Dedovshchina in the Post-Soviet Military: Hazing of Russian Army Conscripts in a Comparative Perspective
Françoise Dauce and Elisabeth Sieca-Kozlowski (ed.), ibidem, Stuttgart 2006
This book is not written from a pacifist perspective -- hardly so, and many authors write from a clearly pro-military perspective. But this is not a weakness, as we as readers can easily add this perspective. What the book offers is some insight into the phenomenon of dedovshchina -- the hazing of Russian conscripts to a degree unknown in Western societies.
The authors put dedovshchina in the context of the Russian post-Soviet society -- a context characterised by a radical change of rules within society -- from Soviet style socialism to wild capitalism -- and increased social deprivation. But in doing so, it is not suggested that dedovshchina did not exist in Soviet times -- in fact, the Soldiers Mothers' Committees first exposed dedovshchina under Gorbachev.
In their introduction, the editors write: "Dedovshchina is at the crossroads of transformation which have taken place in Russia since the disappearance of the USSR. Among others, it is the consequence of historical legacy (Soviet and even tsarist), cultural tensions (inter-ethnic conflicts in the USSR), political dysfunctions (lack of democracy) and economic problems (lack of money in the army), all of which combined explain the longevity of this negative phenomenon" (page 18).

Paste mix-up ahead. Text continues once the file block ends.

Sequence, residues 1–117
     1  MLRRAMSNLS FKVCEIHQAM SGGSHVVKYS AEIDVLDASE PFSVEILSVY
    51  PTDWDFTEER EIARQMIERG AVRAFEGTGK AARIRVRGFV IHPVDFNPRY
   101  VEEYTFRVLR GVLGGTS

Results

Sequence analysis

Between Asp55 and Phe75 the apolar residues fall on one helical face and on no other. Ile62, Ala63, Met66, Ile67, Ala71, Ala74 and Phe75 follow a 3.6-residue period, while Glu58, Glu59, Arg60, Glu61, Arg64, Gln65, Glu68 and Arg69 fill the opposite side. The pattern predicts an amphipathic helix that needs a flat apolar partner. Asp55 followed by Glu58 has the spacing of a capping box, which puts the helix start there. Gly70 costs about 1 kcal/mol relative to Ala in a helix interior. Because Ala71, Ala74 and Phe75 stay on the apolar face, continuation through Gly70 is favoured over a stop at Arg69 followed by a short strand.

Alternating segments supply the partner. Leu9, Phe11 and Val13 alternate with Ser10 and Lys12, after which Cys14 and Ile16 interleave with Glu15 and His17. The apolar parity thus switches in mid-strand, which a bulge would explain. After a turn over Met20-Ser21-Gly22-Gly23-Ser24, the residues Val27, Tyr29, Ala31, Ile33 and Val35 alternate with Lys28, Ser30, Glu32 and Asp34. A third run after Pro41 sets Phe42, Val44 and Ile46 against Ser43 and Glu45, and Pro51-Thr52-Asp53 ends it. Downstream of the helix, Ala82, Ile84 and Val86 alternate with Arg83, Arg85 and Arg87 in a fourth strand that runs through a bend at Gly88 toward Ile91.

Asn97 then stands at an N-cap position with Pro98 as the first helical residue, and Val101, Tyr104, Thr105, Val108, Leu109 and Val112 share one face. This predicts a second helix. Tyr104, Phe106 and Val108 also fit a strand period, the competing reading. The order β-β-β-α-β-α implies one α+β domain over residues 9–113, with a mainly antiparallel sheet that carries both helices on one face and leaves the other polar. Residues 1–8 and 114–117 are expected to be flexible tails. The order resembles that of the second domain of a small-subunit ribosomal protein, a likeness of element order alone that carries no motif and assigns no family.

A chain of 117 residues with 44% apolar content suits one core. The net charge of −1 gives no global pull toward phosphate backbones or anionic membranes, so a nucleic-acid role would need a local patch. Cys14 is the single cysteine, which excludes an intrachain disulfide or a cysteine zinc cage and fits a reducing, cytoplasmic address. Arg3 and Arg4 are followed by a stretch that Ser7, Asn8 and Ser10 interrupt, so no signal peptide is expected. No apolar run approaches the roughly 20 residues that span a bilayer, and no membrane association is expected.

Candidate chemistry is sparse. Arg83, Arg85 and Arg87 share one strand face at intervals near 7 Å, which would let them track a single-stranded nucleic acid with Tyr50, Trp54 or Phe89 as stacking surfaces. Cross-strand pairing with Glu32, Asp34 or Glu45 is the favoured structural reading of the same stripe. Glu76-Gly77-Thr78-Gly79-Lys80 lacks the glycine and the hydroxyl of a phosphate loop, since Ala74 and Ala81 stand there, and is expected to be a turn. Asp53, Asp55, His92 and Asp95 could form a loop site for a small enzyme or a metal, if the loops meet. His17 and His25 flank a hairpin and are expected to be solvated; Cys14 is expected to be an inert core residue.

Many Russian groups advocate the professionalisation of the Russian military as a solution to the problem of dedovshchina, which they see as related to conscription. However, the authors of the book give plenty of reasons to be more cautious about such an (easy) approach. In his contribution, Joris van Bladel concludes: "If we speak about the professional armed forces we have to be careful what we exactly mean. If we mean that it is a way of recruiting soldiers, without qualitative changes in the armed forces, with its closedness as the most important feature, dedovshchina will not disappear. The same malfunctions and abuses will continue in the then new Russian professional armed forces" (page 298f). All well, and here we can add our pacifist perspective of demilitarisation of society as an answer to dedovshchina.
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